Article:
Jesuit Novitiate
Novitiate of the Euro-Mediterranean Province of the Society of Jesus
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Love, distance, communion

01 Feb 2019

Each of us is convinced that it is impossible to love someone without being close to him or her. The lover, by definition, experiences a continuous tension that pushes him to seek the beloved. The Latin poet Tito Lucrezio Caro, in his De rerum natura, sketches this characteristic of love in a masterly way, referring to the carnal union of the two lovers. In the highest expression of physical love, both seek to “lose themselves in the other body with one’s whole body” (RN IV, 1095). A desire for fusion that cannot be fulfilled and therefore is continually reactivated. On the other hand, even the forms of love that do not find expression in the union of bodies, like the affection that is felt towards parents and friends, require a certain proximity to be able to keep alive. This is where one of the most recurrent objections to the religious life undertaken by the novice arises. An objection that is often put forward by parents: “how can you say you love us, if you have chosen to live a life away from us?”. Such a criticism could be put forward also by dearest friends and by the people met during the apostolic experiences that put us in contact with the young and the poor. Our formation needs do not allow us to establish lasting links with them. And yet it is possible to live a form of communion even in distance. Intercessory prayer fills this distance by filling it with love. The request for concrete benefits in favour of those for whom the prayer is intended does not exhaust its significance. What is more vital than anything else in this type of plea is to perceive upon ourselves and others the merciful grace of the Father who with his embrace of love transforms us into one (Jn 17:20). This prayer helps us to regain unity despite living in dispersion and teaches us the mystery of love between God and us, where love, distance and communion co-exist.

What do you care? You follow me!

by Benedek Rácz

War. Just over 1,000 kilometers away from me. In the neighborhood of my homeland. While I stand here in Genoa, in the chapel and pray for peace, I plead for lives. My desires would lead me to help concretely where the pain rages. “Lord, you would do this too, wouldn’t you? You would go there and sit here doing nothing?”. But no. It is not that simple. Jesus in his earthly life was not a problem-solving machine. Only after allowing a few days to pass did he leave to heal – by then already to raise – Lazarus (Jn 11:6) and he did not run to save the men who had been crushed by the tower of Siloe, although he was aware of what had happened (Lk 13:4). Jesus often acts in a way that makes no human sense. His actions were pleasing not to men, but always to the Father. “Only” this is my duty, that I may hear, and that I may be ready and diligent to fulfill his will. (cf. Spiritual Exercises 91)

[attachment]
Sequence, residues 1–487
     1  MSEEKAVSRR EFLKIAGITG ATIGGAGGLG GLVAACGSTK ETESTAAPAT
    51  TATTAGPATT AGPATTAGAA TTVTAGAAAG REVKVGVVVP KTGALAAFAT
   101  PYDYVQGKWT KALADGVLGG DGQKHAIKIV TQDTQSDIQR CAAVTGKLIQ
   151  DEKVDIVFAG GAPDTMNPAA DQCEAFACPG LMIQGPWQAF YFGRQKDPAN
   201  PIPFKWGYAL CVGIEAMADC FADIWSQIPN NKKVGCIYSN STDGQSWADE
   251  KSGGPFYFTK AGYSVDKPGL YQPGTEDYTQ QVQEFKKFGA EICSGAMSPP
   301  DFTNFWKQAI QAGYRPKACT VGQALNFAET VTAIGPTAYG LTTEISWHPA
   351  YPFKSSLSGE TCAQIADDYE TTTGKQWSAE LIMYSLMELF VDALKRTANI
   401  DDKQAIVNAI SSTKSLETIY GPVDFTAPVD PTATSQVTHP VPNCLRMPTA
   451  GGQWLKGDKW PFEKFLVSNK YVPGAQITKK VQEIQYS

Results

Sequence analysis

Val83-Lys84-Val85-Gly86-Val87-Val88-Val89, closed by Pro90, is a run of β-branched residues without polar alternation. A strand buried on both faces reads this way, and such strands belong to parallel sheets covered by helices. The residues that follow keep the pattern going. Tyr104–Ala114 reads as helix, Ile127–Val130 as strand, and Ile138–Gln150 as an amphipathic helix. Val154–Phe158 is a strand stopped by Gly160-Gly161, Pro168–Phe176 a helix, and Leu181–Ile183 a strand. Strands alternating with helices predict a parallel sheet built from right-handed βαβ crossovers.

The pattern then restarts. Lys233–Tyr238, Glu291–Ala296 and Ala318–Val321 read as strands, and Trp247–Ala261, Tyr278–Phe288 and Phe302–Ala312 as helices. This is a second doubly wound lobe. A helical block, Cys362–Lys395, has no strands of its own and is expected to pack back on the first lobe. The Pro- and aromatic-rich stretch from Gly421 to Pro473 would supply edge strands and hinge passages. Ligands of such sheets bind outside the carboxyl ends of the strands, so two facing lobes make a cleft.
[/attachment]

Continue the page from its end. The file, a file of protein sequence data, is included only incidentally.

By praying day after day I am more and more certain that I am a Jesuit religious in the Father’s dream. His will is that I be formed here in Genoa in the Novitiate. As high as the heavens are above the earth, and as high as his ways above our ways and his thoughts above our thoughts, so much must I trust the Father, believing that my prayers are the best and the most I can do for peace (cf. Is 55:9). It is a shattering experience to put my whole being in his hands every day, accepting that his will now is that I do nothing humanly concrete, and being ready if tomorrow he calls me to get up, leave the novitiate and go help under the bombs. It is a shocking experience, but anyone who has already experienced the power of this relationship and met the attractive figure of Jesus knows that this is how it is.

So every day I accept all my weaknesses, my powerlessness, and every day I rejoice when I can see how God has used me as an instrument of his love, that is, how this little reality that I am has become enough and a gift.

Benedek Rácz

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